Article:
Tag Archives: MP3 player

Building an estimated time of arrival device with littleBits

The Honest ETA device lets your housemate know when you’re likely to arrive home.

You’ve all been there: You tell your spouse that you’re on your way home, when in actuality you’ve yet to leave the office. As part of a recent collaboration between littleBits and Popular Science, one new project is looking to put an end to missed dinner dates, late arrivals and the altogether annoying habit of never being home when you said you’d be! In other words, no more “Honey, where are you?” messages.


The aptly named Honest ETA Device was created to let a housemate — whether that’s a parent, a significant other or a college roomie — know when you are on the way home, and more importantly, likely to arrive. The cloud-connected progress meter tracks your whereabouts by reading your smartphone’s location and then displays it on a bargraph module inside the house.

Honest ETA employs a GPS-enabled mobile device, coupled with some IFTTT recipes, the cloudBit and a bargraph to show your proximity. IFTTT recipes are set up using a location channel, tasked with triggering when you enter or exit a pre-set radius.

Given that there are five LEDs on the bargraph, the littleBits team programed five radii, each with recipes related to entry and exit. This allows you to keep tabs on someone as they come and go. Upon leaving the office (or the gym, class, or wherever else you may be), your smartphone will notify the cloudBit as you start to make your way home by illuminating the LEDs on the bargraph. The LEDs will continue to light up the closer that you get.


The project is also equipped with an MP3 player (ATmega168) and speaker, so that you can play a song of your choice when you’re only minutes away. If you happen to make it home first, however, an IFTTT SMS recipe will enable you send a text to your housemate with the press of a button, letting them know that you have indeed made it back safely.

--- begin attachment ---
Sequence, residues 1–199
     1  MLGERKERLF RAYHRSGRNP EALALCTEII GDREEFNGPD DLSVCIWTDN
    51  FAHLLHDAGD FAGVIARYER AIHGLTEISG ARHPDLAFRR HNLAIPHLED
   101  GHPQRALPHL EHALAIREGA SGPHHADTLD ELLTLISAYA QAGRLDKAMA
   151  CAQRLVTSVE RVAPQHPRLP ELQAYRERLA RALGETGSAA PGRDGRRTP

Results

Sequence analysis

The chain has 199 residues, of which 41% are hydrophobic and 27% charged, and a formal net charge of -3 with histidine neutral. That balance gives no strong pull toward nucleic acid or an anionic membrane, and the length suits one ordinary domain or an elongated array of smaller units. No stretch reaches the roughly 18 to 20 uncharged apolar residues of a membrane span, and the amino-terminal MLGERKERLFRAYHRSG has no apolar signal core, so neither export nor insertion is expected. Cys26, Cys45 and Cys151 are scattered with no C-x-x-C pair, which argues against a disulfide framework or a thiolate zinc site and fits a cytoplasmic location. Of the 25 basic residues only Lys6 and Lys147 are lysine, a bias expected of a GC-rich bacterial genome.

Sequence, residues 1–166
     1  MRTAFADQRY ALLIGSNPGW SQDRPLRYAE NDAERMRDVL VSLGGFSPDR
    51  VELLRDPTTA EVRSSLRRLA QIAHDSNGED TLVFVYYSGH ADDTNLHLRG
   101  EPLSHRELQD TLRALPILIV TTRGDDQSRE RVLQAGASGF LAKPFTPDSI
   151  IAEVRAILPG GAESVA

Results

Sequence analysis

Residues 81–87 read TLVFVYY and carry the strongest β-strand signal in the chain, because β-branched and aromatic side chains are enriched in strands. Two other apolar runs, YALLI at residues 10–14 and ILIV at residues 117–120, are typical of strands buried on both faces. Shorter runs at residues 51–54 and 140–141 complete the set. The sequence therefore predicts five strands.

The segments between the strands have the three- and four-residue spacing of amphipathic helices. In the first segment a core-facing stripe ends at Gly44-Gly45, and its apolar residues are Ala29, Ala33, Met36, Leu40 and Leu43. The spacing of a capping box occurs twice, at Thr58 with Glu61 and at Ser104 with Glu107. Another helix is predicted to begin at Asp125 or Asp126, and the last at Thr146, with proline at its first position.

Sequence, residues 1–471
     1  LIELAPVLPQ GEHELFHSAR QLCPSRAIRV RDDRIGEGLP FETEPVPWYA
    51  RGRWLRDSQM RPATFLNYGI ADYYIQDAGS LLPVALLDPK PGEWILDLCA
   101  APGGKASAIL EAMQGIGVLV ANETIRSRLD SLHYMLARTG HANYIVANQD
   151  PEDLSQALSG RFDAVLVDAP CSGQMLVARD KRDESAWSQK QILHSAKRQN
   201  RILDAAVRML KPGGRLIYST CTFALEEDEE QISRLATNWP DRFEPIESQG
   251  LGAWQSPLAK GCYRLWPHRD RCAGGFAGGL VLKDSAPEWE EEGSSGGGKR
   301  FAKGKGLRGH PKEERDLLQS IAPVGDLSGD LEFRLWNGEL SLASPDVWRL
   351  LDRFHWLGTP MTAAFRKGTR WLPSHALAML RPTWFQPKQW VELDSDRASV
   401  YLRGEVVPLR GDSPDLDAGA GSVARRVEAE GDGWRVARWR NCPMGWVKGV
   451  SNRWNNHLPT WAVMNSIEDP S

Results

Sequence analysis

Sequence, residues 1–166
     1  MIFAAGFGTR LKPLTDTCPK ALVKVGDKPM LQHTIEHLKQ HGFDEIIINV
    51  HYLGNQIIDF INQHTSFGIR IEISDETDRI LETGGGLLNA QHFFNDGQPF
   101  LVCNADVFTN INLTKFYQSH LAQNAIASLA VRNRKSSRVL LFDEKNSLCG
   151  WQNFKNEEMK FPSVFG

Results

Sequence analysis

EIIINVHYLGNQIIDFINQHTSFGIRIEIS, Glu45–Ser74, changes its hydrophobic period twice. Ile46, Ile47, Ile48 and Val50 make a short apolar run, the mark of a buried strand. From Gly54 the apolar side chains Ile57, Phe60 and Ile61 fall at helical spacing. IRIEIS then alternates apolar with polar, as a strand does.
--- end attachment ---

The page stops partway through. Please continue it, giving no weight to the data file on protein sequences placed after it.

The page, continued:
On top of that, littleBits shares a nifty little idea to round out the design. Why not turn the circuit into an interactive wall piece that both displays your progress and holds your wallet? Using just a small hinged platform that sits directly on top of the button, the act of placing your wallet inside the case will automatically press the button, thereby sending a text message. Its creators note that you can add some acrylic edge lighting to the bargraph for nice visual effect, too.


Sound like a project you can benefit from? Hurry over to littleBits’ official page to get started. There, you will find a detailed step-by-step breakdown to help you bring your own ETA device to life, or simply watch the video tutorial below!

This MP3 player is powered by an Arduino Uno (ATmega328)

A Maker by the name of Arons recently decided to create a barebones MP3 player for his daughter based on the Hörbert.

Dubbed MBox, the device is capable of playing a wide range of audio formats, including MP3, MIDI, WAV and Ogg Vorbis.

 The platform is powered by an Arduino Uno (Atmel ATmega328) paired with a Freaduino MP3 music shield.

The MBox is capable of playing a wide range of audio formats, including MP3, MIDI, WAV and Ogg Vorbis. 

Additional components include a mono audio amp breakout, 2-10KΩ resistors, loudspeaker, keypad, 2KΩ potentiometer, on/off switch, USB power bank, wood and yes, even a piece of an old climbing rope.

Arons neatly placed all the components into a wood box, utilizing the old climbing rope as grab, with the USB port fitted in the back to easily charge the power bank.

“The MBox [supports] SD cards (FAT 16 or 32) and contains 12 directories starting from 0 to 12,” he explained in a project blog post. “Every button of the keypad is associated [with] a directory.” Meaning, each number plays from a different directory on the SD card.

Arons says his daughter is happy with the MBox and uses it quite frequently.

“I was really impressed to see how quickly she learned to select the track she wants to play,” he added.

Interested in learning more about the Arduino-powered MBox? You can check out the project’s official page here and HackADay’s write up here.